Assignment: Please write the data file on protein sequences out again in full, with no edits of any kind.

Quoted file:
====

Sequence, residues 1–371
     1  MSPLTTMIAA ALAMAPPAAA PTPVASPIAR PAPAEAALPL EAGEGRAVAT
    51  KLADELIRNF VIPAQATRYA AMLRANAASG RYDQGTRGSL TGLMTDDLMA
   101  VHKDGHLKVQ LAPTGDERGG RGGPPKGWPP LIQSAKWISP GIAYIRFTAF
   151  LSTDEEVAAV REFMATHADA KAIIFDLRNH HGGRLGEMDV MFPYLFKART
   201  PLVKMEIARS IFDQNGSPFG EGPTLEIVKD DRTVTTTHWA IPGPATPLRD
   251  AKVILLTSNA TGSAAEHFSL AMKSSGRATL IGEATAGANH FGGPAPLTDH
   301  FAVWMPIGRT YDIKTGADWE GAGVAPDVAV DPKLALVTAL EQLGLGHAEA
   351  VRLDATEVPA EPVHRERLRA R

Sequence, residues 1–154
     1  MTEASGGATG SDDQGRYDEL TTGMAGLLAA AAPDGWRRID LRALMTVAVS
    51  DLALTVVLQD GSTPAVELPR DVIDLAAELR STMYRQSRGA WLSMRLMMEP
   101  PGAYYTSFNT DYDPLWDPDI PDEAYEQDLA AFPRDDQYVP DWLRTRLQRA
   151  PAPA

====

Sequence, residues 1–371
     1  MSPLTTMIAA ALAMAPPAAA PTPVASPIAR PAPAEAALPL EAGEGRAVAT
    51  KLADELIRNF VIPAQATRYA AMLRANAASG RYDQGTRGSL TGLMTDDLMA
   101  VHKDGHLKVQ LAPTGDERGG RGGPPKGWPP LIQSAKWISP GIAYIRFTAF
   151  LSTDEEVAAV REFMATHADA KAIIFDLRNH HGGRLGEMDV MFPYLFKART
   201  PLVKMEIARS IFDQNGSPFG EGPTLEIVKD DRTVTTTHWA IPGPATPLRD
   251  AKVILLTSNA TGSAAEHFSL AMKSSGRATL IGEATAGANH FGGPAPLTDH
   301  FAVWMPIGRT YDIKTGADWE GAGVAPDVAV DPKLALVTAL EQLGLGHAEA
   351  VRLDATEVPA EPVHRERLRA R

Sequence, residues 1–154
     1  MTEASGGATG SDDQGRYDEL TTGMAGLLAA AAPDGWRRID LRALMTVAVS
    51  DLALTVVLQD GSTPAVELPR DVIDLAAELR STMYRQSRGA WLSMRLMMEP
   101  PGAYYTSFNT DYDPLWDPDI PDEAYEQDLA AFPRDDQYVP DWLRTRLQRA
   151  PAPA